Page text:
Conan the Barbarian (1982)

Movie review by
Charles Cassady Jr., Common Sense Media
Conan the Barbarian (1982) Movie Poster Image
Raunchier and bloodier than you remember.
  • R
  • 1982
  • 115 minutes

Parents say

age 15+
Based on 4 reviews

Kids say

age 11+
Based on 4 reviews

A lot or a little?

The parents' guide to what's in this movie.

Positive Messages

Conan is more "heroic" than just about every character on view in that he isn't wantonly cruel. Still, he's revenge-driven and merciless in battle. His companions and friends are thieves and outcast wizards. The barbaric time-period is multicultural, with most colors, races, and genders in the fighting (though women tend to be gorgeous, thin, and half-naked, as a rule).

Violence

Bloody sword impalings, a crucifixion, a dog attack, body parts in a cannibalistic stew, and bloody beheadings, including one of the child Conan's mother. Conan punches out a camel, not a great moment for animal rights onscreen, and dismembers a monster snake.

Sex

Sex and partial nudity. Topless and nearly naked slave girls and tavern wenches, entwined in palace orgies, sacrificed to cults and tossed to Conan to procreate (and he cooperates). Conan has softcore sex with his lover Valeria, and there are strong overtures of homosexuality in a character of a cult priest.

Language
Consumerism

A line of Conan comic books and paperback novelizations, before and after this feature, hacked their savage trail through the marketplace.

Drinking, Drugs & Smoking

Conan and his lover get notably drunk.

What parents need to know

Parents need to know that -- even though Conan is a star in his own long-running series of Marvel Comics books -- there's R-level sex and bloodshed in the form of sword impalings, torture, dog attacks, bloody axings, and gladiatorial beat-downs (even of animals). There's female nudity, too, as a young, enslaved Conan is "bred" with unwilling females like cattle and enjoys a very physical relationship with his love interest, a beautiful thief. Not that most viewers will notice amidst the hard-R content, but the movie also contains some anti-religious themes.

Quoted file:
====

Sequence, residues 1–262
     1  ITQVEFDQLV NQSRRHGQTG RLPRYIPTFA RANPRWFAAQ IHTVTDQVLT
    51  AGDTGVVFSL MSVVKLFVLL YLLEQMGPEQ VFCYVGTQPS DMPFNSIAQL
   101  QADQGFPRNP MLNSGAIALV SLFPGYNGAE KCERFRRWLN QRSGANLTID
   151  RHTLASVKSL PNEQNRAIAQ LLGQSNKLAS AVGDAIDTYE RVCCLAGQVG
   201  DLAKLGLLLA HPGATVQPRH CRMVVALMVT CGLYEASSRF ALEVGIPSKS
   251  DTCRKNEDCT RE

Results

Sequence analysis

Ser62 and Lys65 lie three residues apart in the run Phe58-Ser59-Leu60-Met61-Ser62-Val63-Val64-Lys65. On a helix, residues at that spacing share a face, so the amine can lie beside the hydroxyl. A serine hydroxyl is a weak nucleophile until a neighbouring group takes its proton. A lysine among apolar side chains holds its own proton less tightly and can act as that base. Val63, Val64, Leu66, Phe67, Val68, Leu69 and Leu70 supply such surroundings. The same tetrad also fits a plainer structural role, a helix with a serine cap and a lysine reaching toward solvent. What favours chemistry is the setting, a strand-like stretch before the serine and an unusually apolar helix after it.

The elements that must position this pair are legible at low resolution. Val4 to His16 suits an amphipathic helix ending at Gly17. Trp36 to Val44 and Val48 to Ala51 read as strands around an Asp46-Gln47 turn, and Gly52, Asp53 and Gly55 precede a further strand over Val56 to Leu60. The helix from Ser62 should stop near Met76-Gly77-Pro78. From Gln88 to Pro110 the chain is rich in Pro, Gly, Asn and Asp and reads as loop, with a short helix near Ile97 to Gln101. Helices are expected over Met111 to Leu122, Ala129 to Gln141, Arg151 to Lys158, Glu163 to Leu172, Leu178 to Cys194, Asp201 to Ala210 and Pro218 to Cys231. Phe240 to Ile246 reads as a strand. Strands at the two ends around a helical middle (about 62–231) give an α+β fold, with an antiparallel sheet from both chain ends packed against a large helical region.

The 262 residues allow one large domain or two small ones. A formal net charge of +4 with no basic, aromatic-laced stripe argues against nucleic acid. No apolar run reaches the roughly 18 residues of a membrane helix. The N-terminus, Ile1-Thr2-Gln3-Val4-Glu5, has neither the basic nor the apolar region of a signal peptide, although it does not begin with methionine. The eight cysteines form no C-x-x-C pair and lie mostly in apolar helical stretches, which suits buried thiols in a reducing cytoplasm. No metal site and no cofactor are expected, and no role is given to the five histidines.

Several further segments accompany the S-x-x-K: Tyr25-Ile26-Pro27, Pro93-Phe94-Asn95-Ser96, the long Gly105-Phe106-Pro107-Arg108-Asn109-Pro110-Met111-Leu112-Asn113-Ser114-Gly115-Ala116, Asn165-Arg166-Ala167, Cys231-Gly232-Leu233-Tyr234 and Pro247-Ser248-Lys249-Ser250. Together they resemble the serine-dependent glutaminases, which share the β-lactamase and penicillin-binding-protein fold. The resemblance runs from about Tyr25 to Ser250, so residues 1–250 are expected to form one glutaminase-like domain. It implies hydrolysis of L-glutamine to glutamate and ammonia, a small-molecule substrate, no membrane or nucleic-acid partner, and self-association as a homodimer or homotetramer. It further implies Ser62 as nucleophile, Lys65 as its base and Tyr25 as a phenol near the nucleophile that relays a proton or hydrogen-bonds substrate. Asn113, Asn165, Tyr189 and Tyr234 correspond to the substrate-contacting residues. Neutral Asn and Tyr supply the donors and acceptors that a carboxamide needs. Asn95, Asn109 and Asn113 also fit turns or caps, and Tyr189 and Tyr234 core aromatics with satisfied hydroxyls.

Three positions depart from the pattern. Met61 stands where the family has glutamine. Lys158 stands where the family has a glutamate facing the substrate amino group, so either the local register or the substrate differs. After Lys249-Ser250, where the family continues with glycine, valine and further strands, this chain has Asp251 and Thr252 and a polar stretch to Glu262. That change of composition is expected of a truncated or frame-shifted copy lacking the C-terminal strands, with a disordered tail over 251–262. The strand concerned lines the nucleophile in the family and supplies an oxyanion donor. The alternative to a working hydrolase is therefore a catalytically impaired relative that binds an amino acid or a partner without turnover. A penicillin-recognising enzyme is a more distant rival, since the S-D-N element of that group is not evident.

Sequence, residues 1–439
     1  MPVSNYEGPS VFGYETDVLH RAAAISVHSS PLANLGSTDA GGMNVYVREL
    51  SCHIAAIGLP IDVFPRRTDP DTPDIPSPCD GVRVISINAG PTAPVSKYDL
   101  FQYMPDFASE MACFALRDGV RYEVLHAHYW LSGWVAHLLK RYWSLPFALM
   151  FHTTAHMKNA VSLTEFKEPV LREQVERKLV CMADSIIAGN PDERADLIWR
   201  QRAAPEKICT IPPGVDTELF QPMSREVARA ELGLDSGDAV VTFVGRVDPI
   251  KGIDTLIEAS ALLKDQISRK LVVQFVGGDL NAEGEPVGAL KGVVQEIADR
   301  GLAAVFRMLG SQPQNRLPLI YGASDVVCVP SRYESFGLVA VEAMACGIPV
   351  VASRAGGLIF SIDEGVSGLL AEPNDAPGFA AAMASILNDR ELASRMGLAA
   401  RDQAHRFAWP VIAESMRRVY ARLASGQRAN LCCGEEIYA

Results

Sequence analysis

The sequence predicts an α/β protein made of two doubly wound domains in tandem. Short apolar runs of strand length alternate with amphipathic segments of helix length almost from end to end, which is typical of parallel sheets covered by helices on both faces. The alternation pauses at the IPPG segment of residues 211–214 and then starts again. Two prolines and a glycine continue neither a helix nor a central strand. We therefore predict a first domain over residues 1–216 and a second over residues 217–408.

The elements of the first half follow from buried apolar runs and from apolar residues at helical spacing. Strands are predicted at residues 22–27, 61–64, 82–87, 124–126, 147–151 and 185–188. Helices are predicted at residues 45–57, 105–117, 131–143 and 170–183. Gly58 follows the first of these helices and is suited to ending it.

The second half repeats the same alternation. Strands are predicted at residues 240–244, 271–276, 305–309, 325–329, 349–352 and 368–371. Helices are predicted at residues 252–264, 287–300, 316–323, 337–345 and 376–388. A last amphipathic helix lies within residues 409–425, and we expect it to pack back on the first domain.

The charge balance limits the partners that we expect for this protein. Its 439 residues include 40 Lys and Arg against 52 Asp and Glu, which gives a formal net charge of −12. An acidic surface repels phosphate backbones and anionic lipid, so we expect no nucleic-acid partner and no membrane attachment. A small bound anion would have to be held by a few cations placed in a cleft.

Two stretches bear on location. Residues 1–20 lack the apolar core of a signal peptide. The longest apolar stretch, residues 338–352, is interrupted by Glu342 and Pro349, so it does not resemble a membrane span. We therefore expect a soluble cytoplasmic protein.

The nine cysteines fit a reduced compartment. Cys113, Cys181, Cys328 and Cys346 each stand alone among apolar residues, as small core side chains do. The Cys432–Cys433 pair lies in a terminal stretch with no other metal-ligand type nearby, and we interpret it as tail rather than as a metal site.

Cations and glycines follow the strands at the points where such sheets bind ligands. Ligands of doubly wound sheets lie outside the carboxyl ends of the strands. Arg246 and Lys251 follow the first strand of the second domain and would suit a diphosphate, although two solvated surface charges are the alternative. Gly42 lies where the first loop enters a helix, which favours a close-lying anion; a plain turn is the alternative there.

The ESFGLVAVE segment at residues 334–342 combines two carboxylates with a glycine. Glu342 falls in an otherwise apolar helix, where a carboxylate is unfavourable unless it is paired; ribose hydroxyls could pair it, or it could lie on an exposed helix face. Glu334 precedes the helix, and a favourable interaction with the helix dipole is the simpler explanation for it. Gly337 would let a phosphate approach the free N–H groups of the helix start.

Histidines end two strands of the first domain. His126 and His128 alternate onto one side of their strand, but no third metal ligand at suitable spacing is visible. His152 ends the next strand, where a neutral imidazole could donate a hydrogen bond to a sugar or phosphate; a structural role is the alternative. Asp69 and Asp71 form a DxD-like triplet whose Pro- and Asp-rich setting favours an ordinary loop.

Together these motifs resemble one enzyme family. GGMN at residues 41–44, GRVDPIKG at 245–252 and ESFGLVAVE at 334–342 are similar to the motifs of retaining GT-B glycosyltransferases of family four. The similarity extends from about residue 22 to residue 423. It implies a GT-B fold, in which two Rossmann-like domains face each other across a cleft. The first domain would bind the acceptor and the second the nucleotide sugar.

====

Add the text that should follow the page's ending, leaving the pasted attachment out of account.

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User Reviews

  • Parents say
  • Kids say
Parent of a 8-year-old Written bySpyraker May 5, 2019

Sword and sorcery doesn’t get more dark and gritty.

Conan is a Barbarian. He’s selfish, he’s sexist, he’s brutal and his morals and outlook are self serving.
The violence and sex are at a very mature level, but t... Continue reading
Adult Written byBothnianReviews February 4, 2019

Superior classic.

Why the hate? it is a very atmospheric and intriguing fantasy adventure, also Arnold Schwarzenegger has a very suited and proper role here, unlike in most of th... Continue reading
Kid, 11 years old November 4, 2012

Dated, but violent classic isnt arnolds best

Arnold made lots of better movies than this. Arnold provides a dull and unappealing storyline.Watch terminator it is a WHOLE LOT BETTER!!!
Teen, 14 years old Written byHuggiebear234 July 26, 2012

WHAT! 2 STARS! BY CROM I SHOULD CLEAVE YOU IN TWAIN!

The Music was Good, The Storyline Was Good, and Everything else was Good (except for the nudity), but still, it deservered beter ratings!

What's the story?

CONAN THE BARBARIAN adapts for the screen the virile adventure stories of American pulp writer Robert E. Howard, set in a mythical prehistoric age before the sinking of Atlantis. Conan is son of a village sword-maker in a northern tribe. His village/family are massacred for no good reason by bandit-mystic Thulsa Doom (James Earl Jones). Sold into slavery, Conan bulks up thanks to years of hard labor (and is now played by Mr. Universe bodybuilder-actor Arnold Schwarzenegger). He proves a champion in the gladiatorial ring. Unexpectedly freed by his master, Conan goes on a vengeful quest to find Thulsa Doom, whom he finds is recruiting masses of suicide-crazed religious pilgrims via his powerful snake cult.

Is it any good?

With a script co-written by Oliver Stone, this sword-and-sorcery hit aspires to be more serious in intent than a lot of films with longstanding comic-book tie-ins, but it's pretty ponderous. Compared to Robert E. Howard's agile prose, this plot dutifully stomps its way from point A to point B without too many surprises or detours. The villainous Thulsa Doom (whose messianic-suicide cult may be some sort of knock against organized religion) doesn't do very much at all, even with lackluster magical powers, and the sword-battle scenes are shot in flat, no-frills fashion.

While Schwarzenegger strikes artful poses and has the required physicality, he really isn't given much of a character to play. Conan just reacts rather than acts. No wonder movie critics of the savage era of 1982 (who failed to appreciate the future California governor in the documentary Pumping Iron or some of his non-action roles) initially wrote off the star as a talentless slab of imported Austrian meat. In later roles -- and in the 1984 sequel Conan the Destroyer -- Arnold flexed his humor and charisma muscles just as much as his biceps and pecs.

Talk to your kids about ...

  • Families can talk about the character of Conan, and what makes him ostensibly a good guy in this violent, brutish landscape. Also, why do you think that this incarnation of Conan is clearly made for adults and not for the ages who enjoyed the comic book series? Do you think this would be a compelling story without the hard-R content? Were you aware of some of the anti-religious themes (specifically a quote from Nietzsche), and why do you think they were included in a movie like this one?

Movie details

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